Each night they fell asleep in each other’s arms and in the morning they woke happy.

One spring the brash young king’s men came to the village and took her husband to fight the war in a land far away. Bereft and alone, she struggled to keep the home they had built, taking in sewing and laundry, working hard and praying morning and night for her husband’s safe return.

After two seasons had passed, the goddess heard her prayers. Though she feared he would be lost to her, her husband came home, wounded and with a limp which he never lost, but alive and still strong in his love for her. His smile had grown melancholy while he was away, but still melted her heart whenever he smiled at her, which he did at every opportunity.

At long last they were blessed with a healthy boy, and not only did he survive, he thrived in the sunshine of his parent’s love.

And their days passed, turning into years. The king’s taxman saw to it they never grew rich, but he could never steal their true wealth. The boy grew to be a strong, handsome lad and one day he married, leaving his parents somewhat lonely but happy for their son.  And still time passed.

In middle age the woman was still striking; strong and nice to look at, though she had grown somewhat stout. Her laugh was jolly, and her smile still as free as it had always been and she was known by all to be a good and generous woman. When good advice was needed the village sought her out, and her wisdom never failed them; she was as a mother to them all.

The man was still strong but needed a straw hat when working, as his hair was growing thinner with the years. The younger men admired his strength and heeded his wisdom.

Each night the man and woman kept each other warm and every morning they woke happy, knowing they would spend it working together in the little kingdom which was their home.

The old woman’s hair became thin and white, and her smile lacked all the teeth she once had, but the old man still saw the most beautiful girl in the world.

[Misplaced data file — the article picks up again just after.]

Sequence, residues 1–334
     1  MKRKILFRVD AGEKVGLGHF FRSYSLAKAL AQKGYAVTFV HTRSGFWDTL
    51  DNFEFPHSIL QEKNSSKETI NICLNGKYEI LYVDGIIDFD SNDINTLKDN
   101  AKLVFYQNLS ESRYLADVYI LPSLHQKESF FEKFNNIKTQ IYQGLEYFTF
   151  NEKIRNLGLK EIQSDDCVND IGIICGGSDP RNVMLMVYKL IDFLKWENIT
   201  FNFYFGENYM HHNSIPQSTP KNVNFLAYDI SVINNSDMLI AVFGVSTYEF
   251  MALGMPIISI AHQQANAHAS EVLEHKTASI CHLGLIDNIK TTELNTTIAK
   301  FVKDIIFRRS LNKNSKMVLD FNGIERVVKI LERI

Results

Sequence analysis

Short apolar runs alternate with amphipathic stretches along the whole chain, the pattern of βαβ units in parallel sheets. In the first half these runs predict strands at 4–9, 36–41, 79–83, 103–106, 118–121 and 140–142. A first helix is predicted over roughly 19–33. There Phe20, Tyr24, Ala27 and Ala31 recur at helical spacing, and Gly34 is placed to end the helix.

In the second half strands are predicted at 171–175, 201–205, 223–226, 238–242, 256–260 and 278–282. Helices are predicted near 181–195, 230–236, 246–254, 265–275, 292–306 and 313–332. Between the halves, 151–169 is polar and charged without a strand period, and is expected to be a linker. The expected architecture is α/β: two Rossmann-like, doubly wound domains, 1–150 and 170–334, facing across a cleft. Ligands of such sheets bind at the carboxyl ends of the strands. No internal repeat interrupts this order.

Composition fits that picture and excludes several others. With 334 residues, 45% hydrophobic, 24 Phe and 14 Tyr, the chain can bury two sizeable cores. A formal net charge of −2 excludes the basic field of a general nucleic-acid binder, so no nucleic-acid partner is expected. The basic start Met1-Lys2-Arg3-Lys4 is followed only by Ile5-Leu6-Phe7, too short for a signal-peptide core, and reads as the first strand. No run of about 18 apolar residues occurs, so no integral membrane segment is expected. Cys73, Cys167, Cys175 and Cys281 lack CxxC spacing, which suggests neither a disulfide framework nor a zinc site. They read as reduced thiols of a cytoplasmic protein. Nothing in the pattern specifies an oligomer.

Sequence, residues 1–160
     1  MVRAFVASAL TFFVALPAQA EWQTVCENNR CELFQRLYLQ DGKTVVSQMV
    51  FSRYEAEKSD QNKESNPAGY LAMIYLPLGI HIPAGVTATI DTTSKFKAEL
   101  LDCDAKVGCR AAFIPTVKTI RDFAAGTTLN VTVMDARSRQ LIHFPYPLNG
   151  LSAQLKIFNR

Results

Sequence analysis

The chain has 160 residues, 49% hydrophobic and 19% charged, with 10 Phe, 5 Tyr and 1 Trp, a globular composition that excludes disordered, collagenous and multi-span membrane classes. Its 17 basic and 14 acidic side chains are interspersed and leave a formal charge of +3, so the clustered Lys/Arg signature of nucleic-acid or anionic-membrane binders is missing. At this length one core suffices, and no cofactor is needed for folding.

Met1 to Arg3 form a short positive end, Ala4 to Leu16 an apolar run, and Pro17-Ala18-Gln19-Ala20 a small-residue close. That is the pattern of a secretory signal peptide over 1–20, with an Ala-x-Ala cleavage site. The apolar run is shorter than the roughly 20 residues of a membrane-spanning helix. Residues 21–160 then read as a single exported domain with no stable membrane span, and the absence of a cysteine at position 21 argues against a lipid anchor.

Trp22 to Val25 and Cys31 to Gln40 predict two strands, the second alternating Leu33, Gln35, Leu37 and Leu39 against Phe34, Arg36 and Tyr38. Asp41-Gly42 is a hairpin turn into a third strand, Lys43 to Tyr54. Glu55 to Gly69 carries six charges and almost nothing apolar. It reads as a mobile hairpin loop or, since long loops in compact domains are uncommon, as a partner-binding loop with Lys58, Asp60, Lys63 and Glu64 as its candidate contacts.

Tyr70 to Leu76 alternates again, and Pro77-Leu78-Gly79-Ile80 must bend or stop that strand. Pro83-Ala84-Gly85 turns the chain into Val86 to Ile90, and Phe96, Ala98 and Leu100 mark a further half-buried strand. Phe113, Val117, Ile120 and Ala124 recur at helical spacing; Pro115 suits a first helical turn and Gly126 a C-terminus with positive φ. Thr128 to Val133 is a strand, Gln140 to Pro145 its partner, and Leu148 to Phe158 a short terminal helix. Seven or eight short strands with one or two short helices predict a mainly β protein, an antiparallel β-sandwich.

The old man’s pate became as bald as an egg, and his scraggly beard white as snow. He too lacked some teeth, but when she looked at him she saw the one boy in the world who made her heart skip a beat; the boy for whom she would have done anything to have for her own.

An old man and his wife of many years sit on a rough bench outside the door to their home.  When they sit there, they are rich.  Their home is finer than any castle ever known and their lives more blessed. Every promise the man ever made to his wife was kept, if not in the manner he once had planned, although he has only just recently come to understand that.

Every dream she’d ever had came true, though she too only realized it as she became an old woman.

The Goddess of Hearth and Home looks on them and smiles.  One day soon, they will be young and strong, and merry and free again. One day soon they will rise from the bench hand in hand and walk into the sunlight, together forever and always, leaving old shells behind, no longer needed.

One day, soon.

A Little Love Story, © 2016 Connie J. Jasperson


Filed under #FlashFictionFriday, Literature, Romance, writing

#Fairytales: Myth and the Power of the Allegory

little red riding hood Illustration published in 1868 Dutch edition of Little Red Riding Hood. Engraving by English printer Kronheim & CoWhen we were children we craved stories. We begged, “Mama, read me a story,” or “Grandma, tell me story.”  Many times those stories were fairy-tales, tales of good and evil, magic, and heroic deeds succeeding against all odds.

And they were sometimes tales of failure—after all, in the tale of Little Red Riding Hood, Grandma was eaten by the wolf, and had to be rescued by the woodsman.

They were allegories—fictional stories that represent spiritual truths.